“It is a good thing that young boys feel concerned ever since they joined Good Health Club. They create a good environment for girls to express themselves freely and help them to not feel ashamed or left behind. Now it is often the boys who take the lead to advocate for girls when they lack menstrual hygiene products. They now know it is their responsibility as well to fight menstruation stigma” said Kanyana Honorine, teacher at Groupe Scolaire Gasaka

Difficulty affording menstrual products can cause girls to stay home from school and work, with lasting consequences on their education and economic opportunities. It can also exacerbate existing vulnerabilities, pushing women and girls closer toward dangerous coping mechanisms. 

“UNFPA believes that access to sanitary towels is not a privilege but a human right. When the rights and choices of young people are neglected, many, especially girls, face dire consequences such as dropping out of school, living in a cycle of poverty, and childhood motherhood. School Health Clubs promote a brighter future for all.” said Mark Bryan Schreiner, UNFPA Representative to Rwanda

A recent UNFPA study on the status of Adolescent and Youth Sexual and Reproductive Health and Rights (AYSRHR) and well-being in three UNFPA-supported districts established that most students reported difficulties denying sexual requests from an adult, with Karongi at 34%, Nyamasheke at 27%, and only 10% in Rusizi. The situation is likely similar for young people in other parts of the country, including the humanitarian settings. Period poverty does not only include low-income to afford sanitary products but also related costs such as pain medication and underwear.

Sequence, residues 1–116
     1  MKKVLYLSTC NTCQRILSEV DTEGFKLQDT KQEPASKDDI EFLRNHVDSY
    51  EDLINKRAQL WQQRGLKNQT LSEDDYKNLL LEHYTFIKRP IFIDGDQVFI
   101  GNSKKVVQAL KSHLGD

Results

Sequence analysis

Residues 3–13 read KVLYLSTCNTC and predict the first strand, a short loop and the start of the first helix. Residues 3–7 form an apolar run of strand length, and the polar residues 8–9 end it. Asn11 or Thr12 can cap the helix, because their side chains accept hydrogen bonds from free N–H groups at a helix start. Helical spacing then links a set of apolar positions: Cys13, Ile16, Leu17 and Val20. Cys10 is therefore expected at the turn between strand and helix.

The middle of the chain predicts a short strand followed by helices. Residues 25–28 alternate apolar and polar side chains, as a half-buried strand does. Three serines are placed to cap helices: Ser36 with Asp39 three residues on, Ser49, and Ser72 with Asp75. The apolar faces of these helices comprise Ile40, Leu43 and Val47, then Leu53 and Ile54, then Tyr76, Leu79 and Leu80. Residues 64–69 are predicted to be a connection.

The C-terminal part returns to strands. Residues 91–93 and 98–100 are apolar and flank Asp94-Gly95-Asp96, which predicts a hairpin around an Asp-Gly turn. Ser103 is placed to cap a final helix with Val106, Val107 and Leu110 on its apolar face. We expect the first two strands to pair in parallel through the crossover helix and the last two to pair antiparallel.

“We learned many things in our club that we have not been taught before including how to produce our own menstrual hygiene products. It helps us especially when our parents don’t have money for us to buy sanitary pads.”: IGIRANEZA Marie Souvenir, a member of the Good health club. 

UNFPA promotes menstrual health information and skills-building and works to improve education and information about menstruation and related human rights concerns. Through its youth programs and comprehensive sexuality education efforts, UNFPA helps both boys and girls understand that menstruation is healthy and normal.